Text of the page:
GIULIANI: No, no. "Fit" meaning what resources we had, what was available to us to accomplish, how we thought the election would play out. This seemed to be the strategy that fit this particular election.

From the August 8, 2007, AP article:

Whoever wins the Republican nomination will offer Americans a dramatically different choice from the eventual Democratic nominee, he said.

"I think they are going to have a very big contrast," said Giuliani. "It sounded like the same, usual stuff, the same Democrats promising everything and not explaining the traps they are setting for the American people."

Giuliani's latest trip to Iowa was his most intense to date, covering most regions of the state and emphasizing face-to-face campaigning. It comes only days before a high-profile GOP straw poll in which Giuliani has opted not to compete. He cautioned against interpreting that decision as an indication he won't campaign hard for Iowa's precinct caucuses, which traditionally launch the nominating season.

"It was not, as some played it, a desire to not compete in Iowa," said Giuliani. "In fact, it probably was out of a desire to compete more effectively in Iowa."

Giuliani said he plans to spend more time in Iowa and has already increased his campaign staff in the state.

"Our largest staff contingent is now in Iowa," said Giuliani. "We're going to make a big effort in Iowa. We're making a big effort and our strategy was to focus on the caucuses."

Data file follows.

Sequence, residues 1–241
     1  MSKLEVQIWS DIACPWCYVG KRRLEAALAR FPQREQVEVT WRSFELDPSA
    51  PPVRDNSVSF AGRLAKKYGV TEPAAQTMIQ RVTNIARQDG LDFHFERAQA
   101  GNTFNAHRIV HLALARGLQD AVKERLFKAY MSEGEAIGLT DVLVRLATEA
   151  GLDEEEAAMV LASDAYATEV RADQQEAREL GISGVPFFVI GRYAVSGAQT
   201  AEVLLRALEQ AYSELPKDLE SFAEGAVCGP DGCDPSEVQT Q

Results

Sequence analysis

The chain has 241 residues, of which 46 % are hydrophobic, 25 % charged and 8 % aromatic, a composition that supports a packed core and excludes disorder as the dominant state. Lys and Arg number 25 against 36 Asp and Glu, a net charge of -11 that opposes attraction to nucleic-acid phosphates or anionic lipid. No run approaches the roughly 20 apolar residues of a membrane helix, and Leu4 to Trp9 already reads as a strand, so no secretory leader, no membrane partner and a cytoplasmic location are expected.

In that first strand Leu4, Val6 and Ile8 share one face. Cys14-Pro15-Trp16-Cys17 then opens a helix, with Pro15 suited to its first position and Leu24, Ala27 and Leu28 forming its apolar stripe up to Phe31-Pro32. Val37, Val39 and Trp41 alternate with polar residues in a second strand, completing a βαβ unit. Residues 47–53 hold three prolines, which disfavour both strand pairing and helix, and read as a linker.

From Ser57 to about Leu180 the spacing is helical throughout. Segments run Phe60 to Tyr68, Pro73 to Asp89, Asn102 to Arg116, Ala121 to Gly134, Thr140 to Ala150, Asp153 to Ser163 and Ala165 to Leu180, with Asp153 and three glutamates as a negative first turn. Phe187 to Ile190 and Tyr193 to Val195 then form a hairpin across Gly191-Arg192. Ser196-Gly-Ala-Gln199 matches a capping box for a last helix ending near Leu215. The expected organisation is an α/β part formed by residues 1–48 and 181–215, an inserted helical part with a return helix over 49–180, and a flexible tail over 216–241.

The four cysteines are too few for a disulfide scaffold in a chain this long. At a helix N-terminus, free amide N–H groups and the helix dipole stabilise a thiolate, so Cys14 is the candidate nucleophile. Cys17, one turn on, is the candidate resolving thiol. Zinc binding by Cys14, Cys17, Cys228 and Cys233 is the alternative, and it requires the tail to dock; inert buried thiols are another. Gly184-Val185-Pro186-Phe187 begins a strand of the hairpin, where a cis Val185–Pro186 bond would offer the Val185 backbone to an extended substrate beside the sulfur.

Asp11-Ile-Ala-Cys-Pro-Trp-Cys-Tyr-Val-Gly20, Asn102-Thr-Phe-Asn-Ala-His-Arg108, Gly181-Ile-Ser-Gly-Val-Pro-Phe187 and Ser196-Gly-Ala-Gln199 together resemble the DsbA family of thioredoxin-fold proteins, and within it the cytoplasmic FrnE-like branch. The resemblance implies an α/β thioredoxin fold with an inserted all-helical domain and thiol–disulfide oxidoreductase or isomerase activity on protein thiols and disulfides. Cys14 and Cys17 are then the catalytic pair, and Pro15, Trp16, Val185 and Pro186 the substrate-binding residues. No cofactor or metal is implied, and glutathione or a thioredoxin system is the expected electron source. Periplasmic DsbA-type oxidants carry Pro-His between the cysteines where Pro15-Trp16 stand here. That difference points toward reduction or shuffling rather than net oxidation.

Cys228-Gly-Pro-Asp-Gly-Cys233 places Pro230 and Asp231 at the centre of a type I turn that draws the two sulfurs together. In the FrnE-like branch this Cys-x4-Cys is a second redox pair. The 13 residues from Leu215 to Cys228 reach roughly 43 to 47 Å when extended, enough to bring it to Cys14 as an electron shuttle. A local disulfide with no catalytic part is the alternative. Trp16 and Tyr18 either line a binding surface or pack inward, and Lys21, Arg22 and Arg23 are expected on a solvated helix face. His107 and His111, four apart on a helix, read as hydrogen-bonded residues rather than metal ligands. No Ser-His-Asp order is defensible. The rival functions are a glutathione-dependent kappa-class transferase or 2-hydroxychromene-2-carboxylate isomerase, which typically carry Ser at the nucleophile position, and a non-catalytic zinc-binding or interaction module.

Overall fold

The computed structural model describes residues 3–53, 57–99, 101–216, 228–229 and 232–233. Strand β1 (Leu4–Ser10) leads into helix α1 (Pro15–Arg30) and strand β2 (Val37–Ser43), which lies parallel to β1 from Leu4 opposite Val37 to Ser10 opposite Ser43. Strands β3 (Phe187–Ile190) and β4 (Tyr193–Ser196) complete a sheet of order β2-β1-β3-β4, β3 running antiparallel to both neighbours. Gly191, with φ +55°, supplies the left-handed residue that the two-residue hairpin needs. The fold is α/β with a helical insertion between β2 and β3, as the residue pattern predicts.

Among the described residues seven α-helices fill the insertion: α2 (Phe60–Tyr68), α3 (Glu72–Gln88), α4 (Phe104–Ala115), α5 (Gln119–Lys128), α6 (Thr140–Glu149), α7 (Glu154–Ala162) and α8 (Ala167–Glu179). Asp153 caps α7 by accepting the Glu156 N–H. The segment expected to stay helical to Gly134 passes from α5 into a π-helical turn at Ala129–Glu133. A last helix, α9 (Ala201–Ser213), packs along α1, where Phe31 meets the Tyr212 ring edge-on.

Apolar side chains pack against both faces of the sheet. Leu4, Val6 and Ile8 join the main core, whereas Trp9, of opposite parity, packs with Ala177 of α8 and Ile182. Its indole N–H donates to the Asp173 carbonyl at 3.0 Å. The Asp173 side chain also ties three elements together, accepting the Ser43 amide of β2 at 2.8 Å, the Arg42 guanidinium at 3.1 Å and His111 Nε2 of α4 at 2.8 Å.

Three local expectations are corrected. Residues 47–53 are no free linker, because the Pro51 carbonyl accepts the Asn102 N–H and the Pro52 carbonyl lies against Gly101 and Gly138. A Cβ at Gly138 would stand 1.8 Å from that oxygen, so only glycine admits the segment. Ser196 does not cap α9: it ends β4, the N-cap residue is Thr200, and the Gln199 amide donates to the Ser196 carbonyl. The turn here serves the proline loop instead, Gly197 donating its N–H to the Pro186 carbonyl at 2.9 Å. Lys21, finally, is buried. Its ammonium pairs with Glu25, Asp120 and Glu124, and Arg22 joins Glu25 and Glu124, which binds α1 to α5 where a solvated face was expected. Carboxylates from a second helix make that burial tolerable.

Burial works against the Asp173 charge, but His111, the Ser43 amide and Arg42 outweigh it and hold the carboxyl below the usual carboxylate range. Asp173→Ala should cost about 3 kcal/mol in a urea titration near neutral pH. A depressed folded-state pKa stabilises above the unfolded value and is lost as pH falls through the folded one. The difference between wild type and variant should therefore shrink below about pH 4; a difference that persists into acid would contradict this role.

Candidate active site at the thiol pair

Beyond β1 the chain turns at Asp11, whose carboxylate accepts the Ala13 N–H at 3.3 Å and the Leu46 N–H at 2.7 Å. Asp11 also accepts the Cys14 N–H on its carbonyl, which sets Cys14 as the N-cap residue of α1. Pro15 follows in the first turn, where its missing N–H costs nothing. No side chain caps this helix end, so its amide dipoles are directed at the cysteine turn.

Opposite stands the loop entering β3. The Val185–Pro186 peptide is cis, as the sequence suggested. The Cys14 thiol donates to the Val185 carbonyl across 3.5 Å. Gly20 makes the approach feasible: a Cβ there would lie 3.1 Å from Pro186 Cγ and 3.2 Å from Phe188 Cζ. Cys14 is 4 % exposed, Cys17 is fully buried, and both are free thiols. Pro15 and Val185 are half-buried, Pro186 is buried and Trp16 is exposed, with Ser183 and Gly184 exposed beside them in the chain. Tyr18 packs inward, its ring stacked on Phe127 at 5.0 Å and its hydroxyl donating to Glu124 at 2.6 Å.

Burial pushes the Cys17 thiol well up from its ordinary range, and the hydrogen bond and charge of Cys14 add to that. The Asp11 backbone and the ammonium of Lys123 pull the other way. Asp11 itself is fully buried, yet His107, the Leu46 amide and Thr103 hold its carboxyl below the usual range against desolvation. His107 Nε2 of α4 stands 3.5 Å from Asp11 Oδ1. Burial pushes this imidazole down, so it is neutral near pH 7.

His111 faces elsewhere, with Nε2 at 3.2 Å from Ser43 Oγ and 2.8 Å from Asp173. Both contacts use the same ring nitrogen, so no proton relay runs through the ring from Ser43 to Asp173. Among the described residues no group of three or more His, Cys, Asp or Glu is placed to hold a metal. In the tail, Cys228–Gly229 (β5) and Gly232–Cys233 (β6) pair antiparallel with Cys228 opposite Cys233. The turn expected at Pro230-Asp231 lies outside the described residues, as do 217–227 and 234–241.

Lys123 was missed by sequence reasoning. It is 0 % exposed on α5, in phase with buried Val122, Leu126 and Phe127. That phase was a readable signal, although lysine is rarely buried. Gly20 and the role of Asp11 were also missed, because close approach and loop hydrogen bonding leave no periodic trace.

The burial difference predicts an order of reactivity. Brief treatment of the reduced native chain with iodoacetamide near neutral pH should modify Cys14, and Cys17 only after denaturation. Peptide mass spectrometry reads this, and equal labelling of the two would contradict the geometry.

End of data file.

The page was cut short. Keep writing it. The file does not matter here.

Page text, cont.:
Giuliani said he's cheered by polls that show him competitive in Iowa, though other rivals have spent more time and money in the state.

"I'm very encouraged by the fact that every poll, even the ones where we're not ahead, we're competitive, we're in second place," said Giuliani. "We've been outspent by the other candidates five million to one and we're competitive."

Giuliani will not be in the state during the straw poll in Ames on Saturday, but he said he'll return next week to campaign at the Iowa State Fair.

From the June 6, 2007, Reuters article:

Republican presidential hopefuls Rudolph Giuliani and Sen. John McCain will skip Iowa's August straw poll, but their campaigns insisted on Wednesday they would compete in the state's 2008 nominating contest.

Iowa serves as one of the first key battlegrounds in the presidential campaign, and one state party official suggested the decisions to skip the August 11 Ames, Iowa straw poll were a sign that they may not be doing well there.

The straw poll is a fund-raiser for the state Republican Party but is considered an indicator of candidates' organizational strength. Ticket holders can vote in the poll, and campaigns usually buy and hand out tickets to their supporters.

Giuliani and McCain officials stressed that they would continue to campaign in Iowa, with the former New York mayor's campaign saying it would instead spend the $3 million it would have cost to participate in the poll elsewhere in the state.

"We are 100 percent committed to winning Iowa and I believe we will do so," Giuliani campaign manager Michael DuHaime told reporters. "People will say this is an unconventional way to do it, but so be it."

McCain campaign manager Terry Nelson announced the Arizona senator's withdrawal hours after Giuliani's decision, saying it would no longer be a "meaningful test of the leading candidates' organizational abilities."

Network/Outlet
NPR
Show/Publication
Morning Edition
Stories/Interests
Rudy Giuliani, 2008 Elections